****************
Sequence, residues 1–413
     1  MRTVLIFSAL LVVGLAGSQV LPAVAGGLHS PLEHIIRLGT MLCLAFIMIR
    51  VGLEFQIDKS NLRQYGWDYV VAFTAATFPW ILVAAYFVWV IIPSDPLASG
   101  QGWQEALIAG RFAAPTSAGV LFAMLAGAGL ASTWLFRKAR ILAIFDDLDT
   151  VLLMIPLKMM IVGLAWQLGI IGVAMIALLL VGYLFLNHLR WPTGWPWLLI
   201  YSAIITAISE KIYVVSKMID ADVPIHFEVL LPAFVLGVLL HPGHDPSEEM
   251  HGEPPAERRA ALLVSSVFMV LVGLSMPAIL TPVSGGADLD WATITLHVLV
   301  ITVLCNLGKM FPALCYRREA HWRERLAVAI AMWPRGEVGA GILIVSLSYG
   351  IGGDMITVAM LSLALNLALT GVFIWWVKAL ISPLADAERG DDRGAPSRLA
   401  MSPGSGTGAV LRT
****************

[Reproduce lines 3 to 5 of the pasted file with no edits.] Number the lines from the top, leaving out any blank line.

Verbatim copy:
    51  VGLEFQIDKS NLRQYGWDYV VAFTAATFPW ILVAAYFVWV IIPSDPLASG
   101  QGWQEALIAG RFAAPTSAGV LFAMLAGAGL ASTWLFRKAR ILAIFDDLDT
   151  VLLMIPLKMM IVGLAWQLGI IGVAMIALLL VGYLFLNHLR WPTGWPWLLI